Category: Children and Parenting Issues

We blog about helping Long Island families to resolve conflicts in the most productive ways possible.

One of the worst outcomes in a divorce is when a child resists or refuses to be with one of the parents. To be rejected by your child is horrible. It creates a tremendous amount of anguish in the rejected parent and research has shown that, in the long run, the rejecting child will suffer […]

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Being with your children becomes much more complex after a divorce. When time will the children be with you, and when will the children be with your ex-spouse? How do you want to deal with these issues? Will you and your ex-spouse make the plans or are you going to leave decisions like these to […]

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Experienced practitioners of Collaborative Divorce understand the important contributions made by a Family Specialist (also called a “Divorce Coach”) during the process. They maintain a respectful tone, facilitate communications, counsel couples about parenting plans that cater to a child’s developmental requirements, the needs and well-being of their family, assist with co-parenting issues, and manage the […]

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Tom and Alice waited until their last child was in her twenties before deciding that it was time to divorce.  They joined the growing trend of couples who divorce after a lengthy marriage. Unfortunately, the children did not take the news as calmly as Alice and Tom had anticipated. Their eldest refused to talk to […]

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Most parents are concerned about how a divorce will affect their children. Current research on this topic indicates that: The ending of a marital relationship does create stress in families. Stress contributors include the parents’ own stress, reduced parenting capacity, impending family relocation, and economic instability. The good news is that most of these have […]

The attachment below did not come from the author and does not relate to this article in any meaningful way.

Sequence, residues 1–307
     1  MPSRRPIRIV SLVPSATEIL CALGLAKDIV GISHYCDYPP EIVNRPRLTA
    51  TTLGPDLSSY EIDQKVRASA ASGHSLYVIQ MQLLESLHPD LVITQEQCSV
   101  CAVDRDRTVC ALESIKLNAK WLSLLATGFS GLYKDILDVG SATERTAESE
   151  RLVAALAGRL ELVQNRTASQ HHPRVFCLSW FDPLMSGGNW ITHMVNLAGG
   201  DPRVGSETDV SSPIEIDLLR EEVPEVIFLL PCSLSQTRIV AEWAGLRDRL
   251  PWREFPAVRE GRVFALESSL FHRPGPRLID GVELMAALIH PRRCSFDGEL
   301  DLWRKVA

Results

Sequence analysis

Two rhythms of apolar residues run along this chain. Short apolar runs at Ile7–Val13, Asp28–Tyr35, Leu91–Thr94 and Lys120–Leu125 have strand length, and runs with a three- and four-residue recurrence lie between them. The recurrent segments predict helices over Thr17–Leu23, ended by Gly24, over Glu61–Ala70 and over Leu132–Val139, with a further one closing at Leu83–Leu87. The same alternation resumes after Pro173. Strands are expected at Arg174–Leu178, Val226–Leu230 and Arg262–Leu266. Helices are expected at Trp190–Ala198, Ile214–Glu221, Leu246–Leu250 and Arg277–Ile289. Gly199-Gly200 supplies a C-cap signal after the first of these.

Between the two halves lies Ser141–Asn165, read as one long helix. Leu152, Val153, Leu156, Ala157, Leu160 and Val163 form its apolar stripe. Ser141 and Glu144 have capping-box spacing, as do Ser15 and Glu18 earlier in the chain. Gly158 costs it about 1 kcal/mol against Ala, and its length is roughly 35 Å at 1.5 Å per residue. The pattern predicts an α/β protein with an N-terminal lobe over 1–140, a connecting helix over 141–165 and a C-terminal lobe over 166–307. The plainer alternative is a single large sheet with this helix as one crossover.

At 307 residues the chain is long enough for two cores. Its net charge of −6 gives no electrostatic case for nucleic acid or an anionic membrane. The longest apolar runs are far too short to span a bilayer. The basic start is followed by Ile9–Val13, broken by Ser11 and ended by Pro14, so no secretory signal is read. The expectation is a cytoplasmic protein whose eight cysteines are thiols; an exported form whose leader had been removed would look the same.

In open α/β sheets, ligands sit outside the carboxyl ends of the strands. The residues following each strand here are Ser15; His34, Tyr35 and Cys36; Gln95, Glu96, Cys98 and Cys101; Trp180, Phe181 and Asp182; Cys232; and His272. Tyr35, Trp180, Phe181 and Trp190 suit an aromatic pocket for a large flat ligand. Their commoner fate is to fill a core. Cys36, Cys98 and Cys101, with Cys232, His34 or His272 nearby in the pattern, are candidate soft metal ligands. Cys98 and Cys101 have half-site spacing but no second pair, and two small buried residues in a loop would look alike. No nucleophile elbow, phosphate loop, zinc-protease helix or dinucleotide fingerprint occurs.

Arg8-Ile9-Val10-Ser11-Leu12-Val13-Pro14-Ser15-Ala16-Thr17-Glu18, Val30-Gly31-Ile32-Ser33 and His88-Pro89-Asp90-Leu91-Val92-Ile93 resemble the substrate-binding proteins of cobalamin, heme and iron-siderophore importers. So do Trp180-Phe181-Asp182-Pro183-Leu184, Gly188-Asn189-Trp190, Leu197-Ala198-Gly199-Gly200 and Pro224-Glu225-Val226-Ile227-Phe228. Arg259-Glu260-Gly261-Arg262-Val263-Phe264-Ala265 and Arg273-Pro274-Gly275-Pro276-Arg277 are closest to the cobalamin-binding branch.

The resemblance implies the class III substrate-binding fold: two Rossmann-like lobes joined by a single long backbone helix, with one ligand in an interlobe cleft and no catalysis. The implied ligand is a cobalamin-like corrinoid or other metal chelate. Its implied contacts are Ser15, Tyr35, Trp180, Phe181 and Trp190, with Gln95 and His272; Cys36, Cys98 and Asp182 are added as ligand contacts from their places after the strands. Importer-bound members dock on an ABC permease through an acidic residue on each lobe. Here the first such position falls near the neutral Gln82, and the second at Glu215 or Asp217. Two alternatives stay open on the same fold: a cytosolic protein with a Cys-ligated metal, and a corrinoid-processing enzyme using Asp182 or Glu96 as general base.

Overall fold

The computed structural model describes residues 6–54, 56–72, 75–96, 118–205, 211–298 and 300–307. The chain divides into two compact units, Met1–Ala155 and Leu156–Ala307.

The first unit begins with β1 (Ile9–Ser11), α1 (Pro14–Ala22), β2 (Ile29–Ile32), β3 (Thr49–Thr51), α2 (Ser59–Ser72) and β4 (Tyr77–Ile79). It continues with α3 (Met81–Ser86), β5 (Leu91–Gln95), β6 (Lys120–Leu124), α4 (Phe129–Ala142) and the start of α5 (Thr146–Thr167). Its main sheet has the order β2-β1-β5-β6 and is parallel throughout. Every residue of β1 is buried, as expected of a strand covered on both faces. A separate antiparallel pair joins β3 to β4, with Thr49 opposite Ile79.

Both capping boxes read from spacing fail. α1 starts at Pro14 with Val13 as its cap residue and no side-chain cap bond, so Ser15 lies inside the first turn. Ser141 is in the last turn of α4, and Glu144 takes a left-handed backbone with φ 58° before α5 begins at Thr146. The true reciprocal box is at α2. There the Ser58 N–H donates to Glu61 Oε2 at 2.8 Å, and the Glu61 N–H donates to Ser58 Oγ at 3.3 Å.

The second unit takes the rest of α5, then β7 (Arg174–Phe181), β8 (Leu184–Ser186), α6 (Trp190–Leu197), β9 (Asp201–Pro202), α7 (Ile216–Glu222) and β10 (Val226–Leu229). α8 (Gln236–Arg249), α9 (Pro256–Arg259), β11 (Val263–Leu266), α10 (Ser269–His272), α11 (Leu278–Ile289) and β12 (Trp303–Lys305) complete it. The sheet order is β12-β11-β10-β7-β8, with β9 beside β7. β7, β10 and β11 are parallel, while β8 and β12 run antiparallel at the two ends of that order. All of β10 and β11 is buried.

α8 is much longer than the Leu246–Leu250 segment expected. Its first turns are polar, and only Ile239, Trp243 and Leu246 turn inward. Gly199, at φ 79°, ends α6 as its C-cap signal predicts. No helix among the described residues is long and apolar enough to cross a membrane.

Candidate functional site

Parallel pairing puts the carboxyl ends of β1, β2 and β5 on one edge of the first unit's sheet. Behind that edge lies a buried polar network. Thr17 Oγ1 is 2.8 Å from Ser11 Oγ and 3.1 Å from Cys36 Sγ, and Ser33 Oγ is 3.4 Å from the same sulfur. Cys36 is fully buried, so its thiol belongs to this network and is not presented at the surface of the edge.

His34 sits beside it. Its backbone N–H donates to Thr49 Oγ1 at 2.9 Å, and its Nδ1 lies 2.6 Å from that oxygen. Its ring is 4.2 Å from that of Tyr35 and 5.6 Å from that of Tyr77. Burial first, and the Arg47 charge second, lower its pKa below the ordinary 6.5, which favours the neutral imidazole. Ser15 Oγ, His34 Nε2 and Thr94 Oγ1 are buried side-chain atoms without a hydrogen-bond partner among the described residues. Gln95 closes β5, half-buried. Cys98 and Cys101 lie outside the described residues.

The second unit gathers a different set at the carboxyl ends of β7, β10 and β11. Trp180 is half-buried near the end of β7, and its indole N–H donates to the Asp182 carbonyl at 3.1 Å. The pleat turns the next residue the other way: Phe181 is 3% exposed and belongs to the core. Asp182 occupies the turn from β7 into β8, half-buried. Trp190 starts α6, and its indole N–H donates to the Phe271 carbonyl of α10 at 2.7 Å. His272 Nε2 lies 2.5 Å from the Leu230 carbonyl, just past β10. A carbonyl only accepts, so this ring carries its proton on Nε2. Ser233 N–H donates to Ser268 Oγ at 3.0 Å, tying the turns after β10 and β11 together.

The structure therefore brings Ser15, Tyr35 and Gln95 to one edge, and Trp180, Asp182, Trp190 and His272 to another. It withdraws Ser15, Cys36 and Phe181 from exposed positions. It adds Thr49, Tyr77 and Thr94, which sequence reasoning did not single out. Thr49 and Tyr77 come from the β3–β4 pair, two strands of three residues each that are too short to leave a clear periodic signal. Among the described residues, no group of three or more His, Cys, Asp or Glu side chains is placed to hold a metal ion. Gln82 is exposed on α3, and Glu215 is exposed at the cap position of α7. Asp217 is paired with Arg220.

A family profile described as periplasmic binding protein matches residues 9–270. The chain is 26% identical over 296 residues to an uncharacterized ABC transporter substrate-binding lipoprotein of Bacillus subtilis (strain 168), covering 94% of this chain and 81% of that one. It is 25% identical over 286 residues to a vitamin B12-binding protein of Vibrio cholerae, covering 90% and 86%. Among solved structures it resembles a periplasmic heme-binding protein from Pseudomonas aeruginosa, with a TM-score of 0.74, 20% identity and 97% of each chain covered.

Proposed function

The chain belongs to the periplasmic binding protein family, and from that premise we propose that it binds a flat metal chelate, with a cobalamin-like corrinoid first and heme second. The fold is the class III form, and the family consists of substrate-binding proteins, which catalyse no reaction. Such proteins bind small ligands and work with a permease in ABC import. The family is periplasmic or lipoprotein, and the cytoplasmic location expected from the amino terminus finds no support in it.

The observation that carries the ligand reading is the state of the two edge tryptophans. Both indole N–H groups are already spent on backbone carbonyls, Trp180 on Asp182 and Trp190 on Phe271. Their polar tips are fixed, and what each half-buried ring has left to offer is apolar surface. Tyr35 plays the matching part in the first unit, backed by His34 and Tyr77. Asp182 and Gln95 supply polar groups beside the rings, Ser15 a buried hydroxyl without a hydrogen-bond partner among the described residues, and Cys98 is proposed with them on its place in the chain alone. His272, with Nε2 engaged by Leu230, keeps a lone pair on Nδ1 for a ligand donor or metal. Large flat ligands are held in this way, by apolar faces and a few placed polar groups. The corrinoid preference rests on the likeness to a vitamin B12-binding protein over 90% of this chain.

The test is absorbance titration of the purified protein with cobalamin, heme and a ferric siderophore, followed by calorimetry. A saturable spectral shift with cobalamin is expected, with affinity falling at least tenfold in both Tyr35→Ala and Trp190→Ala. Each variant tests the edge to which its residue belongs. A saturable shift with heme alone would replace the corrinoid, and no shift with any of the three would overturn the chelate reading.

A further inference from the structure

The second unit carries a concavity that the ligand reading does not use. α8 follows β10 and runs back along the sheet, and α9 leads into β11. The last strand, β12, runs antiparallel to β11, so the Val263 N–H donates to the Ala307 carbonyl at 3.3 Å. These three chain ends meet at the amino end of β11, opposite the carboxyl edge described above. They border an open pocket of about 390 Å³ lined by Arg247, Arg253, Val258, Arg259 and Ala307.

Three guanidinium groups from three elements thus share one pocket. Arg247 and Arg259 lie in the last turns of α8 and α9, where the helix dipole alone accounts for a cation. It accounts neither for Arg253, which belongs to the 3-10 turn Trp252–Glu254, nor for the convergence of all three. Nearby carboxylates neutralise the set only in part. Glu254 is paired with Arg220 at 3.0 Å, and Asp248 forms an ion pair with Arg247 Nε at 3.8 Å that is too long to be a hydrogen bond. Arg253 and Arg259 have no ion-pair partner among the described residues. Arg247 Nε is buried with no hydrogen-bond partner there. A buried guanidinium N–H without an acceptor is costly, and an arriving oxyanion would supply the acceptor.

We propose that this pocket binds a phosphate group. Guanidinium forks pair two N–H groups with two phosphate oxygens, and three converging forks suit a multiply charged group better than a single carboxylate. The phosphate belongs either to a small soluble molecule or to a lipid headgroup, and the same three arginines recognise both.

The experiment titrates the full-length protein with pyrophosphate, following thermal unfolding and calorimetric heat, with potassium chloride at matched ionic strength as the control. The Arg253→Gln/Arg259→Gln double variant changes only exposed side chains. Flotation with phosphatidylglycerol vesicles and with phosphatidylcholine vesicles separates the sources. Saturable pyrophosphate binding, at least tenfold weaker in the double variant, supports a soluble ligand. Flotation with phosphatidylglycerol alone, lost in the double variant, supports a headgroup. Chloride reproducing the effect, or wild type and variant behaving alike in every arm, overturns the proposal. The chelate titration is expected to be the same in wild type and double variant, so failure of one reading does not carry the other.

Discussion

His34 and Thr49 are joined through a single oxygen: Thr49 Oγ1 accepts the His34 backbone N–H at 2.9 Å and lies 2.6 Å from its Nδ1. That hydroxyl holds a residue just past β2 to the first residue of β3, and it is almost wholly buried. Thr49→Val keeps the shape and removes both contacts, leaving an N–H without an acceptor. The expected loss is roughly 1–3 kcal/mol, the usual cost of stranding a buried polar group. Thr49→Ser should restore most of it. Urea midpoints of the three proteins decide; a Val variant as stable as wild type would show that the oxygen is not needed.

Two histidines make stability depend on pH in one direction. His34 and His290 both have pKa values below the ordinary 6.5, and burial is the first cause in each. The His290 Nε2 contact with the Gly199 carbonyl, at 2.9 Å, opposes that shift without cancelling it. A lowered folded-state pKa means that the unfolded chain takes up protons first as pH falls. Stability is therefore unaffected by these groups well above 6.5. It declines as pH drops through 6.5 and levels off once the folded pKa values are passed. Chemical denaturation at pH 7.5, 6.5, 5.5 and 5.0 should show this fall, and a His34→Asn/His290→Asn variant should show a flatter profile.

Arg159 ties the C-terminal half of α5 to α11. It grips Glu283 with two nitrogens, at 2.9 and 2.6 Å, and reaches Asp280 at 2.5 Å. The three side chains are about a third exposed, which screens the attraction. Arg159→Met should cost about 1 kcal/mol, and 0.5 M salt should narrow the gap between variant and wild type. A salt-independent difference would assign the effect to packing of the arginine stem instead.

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The parents of Amy* (age 14) and Nick* (age 10) are using the Collaborative Divorce process. Putting a Child Specialist on the collaborative team was suggested because of the parents’ disagreement over Amy’s and Nick’s needs. Mom thought Dad was too indulgent and not attentive enough to safety. She insisted on meeting all of Amy’s […]

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How do children view their parents’ divorce? Certainly, this depends on the age of the child. However, their view also reflects the amount of conflict between the parents, before, during and after the divorce. I have worked with many children whose parents have divorced. They have related their stories to me. Children of all ages […]

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When parties divorce, they oftentimes think that their troubles are over. What they really may find out is that their troubles might just be starting. Without proper planning and coordination, the results of a divorce may create more issues post-divorce than the parties experienced during their marriage. If a couple chooses to divorce using the […]

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You are getting divorced, but do you really want a judge telling you how to raise your children? Robert Emery, Professor of Psychology and Director of the Center for Children, Families and the Law at the University of Virginia, focuses a light on this issue in his New York Times Opinion piece “How Divorced Parents […]

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